“As Canadians, we are fortunate to live in a country with such diverse landscapes and rich history. Every one of the protected areas within the Parks Canada network of sites is a perfect gateway to discovering, learning about, and connecting with natural and cultural heritage. As summer approaches, I encourage all Canadians to get out and explore locations such as Waterton Lakes National Park as they walk in the footsteps of history and enjoy the important physical and mental benefits of being outdoors.”

The Honourable Steven Guilbeault
Minister of Environment and Climate Change and Minister responsible for Parks Canada

“Parks Canada prides itself on providing visitors with high quality and meaningful experiences across the country. The Parks Canada team works extremely hard to ensure that each and every person leaves with memories that will last a lifetime. We are excited to welcome new and returning visitors back to Waterton Lakes National Park this season, to help them create new memories and discover everything that this treasured place has to offer.”

Ron Hallman
President & Chief Executive Officer, Parks Canada 

Quick facts

  • Waterton Lakes National Park is Canada’s 4th national park, originally protected in 1895. It represents the southern Rocky Mountains Natural Region - where some of the most ancient mountains in the Rockies abruptly meet the prairie. It is a landscape shaped by wind, fire, and flooding, with a rich variety of plants and wildlife.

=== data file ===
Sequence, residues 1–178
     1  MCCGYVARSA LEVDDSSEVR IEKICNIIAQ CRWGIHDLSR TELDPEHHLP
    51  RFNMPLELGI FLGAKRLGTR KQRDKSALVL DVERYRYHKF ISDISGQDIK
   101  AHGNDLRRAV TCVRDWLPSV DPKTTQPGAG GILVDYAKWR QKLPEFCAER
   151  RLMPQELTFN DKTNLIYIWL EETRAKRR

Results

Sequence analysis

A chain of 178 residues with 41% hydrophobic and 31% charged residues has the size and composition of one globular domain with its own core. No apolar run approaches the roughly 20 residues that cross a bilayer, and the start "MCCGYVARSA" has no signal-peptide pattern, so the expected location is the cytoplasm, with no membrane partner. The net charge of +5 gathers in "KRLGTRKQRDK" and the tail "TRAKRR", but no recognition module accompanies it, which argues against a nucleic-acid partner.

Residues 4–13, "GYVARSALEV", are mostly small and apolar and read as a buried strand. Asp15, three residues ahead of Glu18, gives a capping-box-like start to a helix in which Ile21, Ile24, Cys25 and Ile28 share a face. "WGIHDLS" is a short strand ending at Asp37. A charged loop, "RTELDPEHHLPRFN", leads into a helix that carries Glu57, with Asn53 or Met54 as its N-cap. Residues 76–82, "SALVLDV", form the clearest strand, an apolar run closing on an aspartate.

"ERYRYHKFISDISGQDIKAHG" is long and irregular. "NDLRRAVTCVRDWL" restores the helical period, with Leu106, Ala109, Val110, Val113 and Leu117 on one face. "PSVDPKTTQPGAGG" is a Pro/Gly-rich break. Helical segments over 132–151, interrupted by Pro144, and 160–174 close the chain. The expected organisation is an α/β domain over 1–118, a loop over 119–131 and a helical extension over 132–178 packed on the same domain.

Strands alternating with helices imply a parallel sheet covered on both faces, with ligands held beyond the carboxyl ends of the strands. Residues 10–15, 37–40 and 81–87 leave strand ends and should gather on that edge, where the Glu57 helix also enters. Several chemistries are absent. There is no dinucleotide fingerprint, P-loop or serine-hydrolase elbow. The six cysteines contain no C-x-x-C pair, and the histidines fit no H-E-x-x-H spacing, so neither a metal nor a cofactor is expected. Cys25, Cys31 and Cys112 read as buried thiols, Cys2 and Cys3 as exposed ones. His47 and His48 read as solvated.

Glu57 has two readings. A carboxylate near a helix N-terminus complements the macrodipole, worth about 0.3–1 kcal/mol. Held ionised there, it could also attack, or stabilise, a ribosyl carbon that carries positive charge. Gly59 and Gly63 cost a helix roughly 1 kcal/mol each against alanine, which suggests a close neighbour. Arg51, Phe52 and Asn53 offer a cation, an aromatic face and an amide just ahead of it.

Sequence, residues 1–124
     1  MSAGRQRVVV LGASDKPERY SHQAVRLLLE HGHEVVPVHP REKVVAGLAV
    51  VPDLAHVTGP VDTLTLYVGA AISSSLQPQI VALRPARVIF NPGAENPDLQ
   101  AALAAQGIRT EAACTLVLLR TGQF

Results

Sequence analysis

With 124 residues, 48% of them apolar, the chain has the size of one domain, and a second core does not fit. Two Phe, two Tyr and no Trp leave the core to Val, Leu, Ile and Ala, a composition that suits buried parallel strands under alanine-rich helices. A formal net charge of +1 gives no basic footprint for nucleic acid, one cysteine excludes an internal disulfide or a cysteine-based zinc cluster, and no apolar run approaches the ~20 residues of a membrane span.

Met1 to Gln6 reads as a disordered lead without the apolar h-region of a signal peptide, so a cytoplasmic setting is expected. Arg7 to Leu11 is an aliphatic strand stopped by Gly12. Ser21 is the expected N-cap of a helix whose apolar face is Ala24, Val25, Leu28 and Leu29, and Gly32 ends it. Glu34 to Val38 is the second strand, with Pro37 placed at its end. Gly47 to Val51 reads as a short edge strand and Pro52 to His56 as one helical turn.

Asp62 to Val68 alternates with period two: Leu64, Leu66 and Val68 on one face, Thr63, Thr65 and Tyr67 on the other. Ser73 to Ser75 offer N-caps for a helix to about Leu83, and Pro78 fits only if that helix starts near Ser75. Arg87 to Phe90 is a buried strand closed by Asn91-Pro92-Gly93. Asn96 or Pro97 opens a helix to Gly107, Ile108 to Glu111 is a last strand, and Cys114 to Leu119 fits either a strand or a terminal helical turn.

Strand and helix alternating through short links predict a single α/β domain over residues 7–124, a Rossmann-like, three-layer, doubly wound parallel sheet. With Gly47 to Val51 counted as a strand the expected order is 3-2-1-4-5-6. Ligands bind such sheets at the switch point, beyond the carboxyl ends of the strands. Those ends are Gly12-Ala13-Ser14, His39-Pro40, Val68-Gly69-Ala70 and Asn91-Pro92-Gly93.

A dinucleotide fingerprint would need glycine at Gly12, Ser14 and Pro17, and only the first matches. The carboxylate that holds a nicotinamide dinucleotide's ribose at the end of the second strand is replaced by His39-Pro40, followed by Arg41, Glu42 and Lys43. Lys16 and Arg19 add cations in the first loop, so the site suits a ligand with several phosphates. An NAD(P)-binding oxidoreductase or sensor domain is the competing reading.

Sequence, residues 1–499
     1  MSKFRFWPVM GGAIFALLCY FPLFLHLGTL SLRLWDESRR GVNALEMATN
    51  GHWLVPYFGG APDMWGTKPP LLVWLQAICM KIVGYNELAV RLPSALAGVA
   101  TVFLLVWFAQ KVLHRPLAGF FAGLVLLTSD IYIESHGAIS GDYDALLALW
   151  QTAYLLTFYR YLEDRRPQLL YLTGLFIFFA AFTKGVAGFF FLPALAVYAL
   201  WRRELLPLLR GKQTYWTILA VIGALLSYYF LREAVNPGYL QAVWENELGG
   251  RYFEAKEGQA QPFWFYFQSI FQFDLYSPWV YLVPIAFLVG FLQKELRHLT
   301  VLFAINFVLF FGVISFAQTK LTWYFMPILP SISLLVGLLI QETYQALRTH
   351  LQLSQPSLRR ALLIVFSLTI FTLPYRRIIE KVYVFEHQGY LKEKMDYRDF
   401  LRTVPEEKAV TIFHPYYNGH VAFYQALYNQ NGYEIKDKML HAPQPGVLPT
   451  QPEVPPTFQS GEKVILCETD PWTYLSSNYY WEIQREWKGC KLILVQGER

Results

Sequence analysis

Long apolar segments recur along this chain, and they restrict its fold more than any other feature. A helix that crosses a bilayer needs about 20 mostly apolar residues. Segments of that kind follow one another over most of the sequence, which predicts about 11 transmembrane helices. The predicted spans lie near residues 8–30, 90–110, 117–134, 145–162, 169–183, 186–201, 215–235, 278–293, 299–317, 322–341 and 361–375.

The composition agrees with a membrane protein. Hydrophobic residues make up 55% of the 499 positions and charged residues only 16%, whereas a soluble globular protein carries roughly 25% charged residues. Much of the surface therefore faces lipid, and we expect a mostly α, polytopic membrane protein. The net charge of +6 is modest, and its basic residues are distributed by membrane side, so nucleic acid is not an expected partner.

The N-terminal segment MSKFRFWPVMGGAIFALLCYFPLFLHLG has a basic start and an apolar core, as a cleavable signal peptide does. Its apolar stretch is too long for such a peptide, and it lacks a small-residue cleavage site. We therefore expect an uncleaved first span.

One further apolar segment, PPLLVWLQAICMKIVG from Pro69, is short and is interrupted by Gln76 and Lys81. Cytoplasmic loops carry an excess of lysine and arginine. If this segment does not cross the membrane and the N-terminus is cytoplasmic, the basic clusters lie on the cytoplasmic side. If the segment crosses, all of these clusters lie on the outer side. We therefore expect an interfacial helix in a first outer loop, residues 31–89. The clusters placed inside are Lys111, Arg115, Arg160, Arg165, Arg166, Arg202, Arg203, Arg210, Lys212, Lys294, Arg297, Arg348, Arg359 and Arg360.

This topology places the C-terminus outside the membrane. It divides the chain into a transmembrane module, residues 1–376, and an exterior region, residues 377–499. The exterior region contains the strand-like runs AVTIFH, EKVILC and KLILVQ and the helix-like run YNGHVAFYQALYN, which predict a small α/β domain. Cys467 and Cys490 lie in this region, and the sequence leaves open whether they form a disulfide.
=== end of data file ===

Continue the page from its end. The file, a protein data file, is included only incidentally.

• Travelling in an electric vehicle? Five electric vehicle charging stations are available for visitors to use throughout Waterton Lakes National Park. Four are located in the marina parking lot, and the other can be found nearby in the public parking lot across Mount View Road.

  • Want the ultimate ticket to nature, history and adventure? The Parks Canada Discovery Pass provides unlimited admission for a full year to over 80 destinations across the country. Visitors can purchase their Parks Canada Discovery Passes online, on-site, and at partner retailer locations across the country. 

Associated links


Kaitlin Power
Press Secretary      
Office of the Minister of Environment and Climate Change

Media Relations
Parks Canada Agency

Megan Osterman
Public Relations and Communications Officer
Waterton Lakes Field Unit – Parks Canada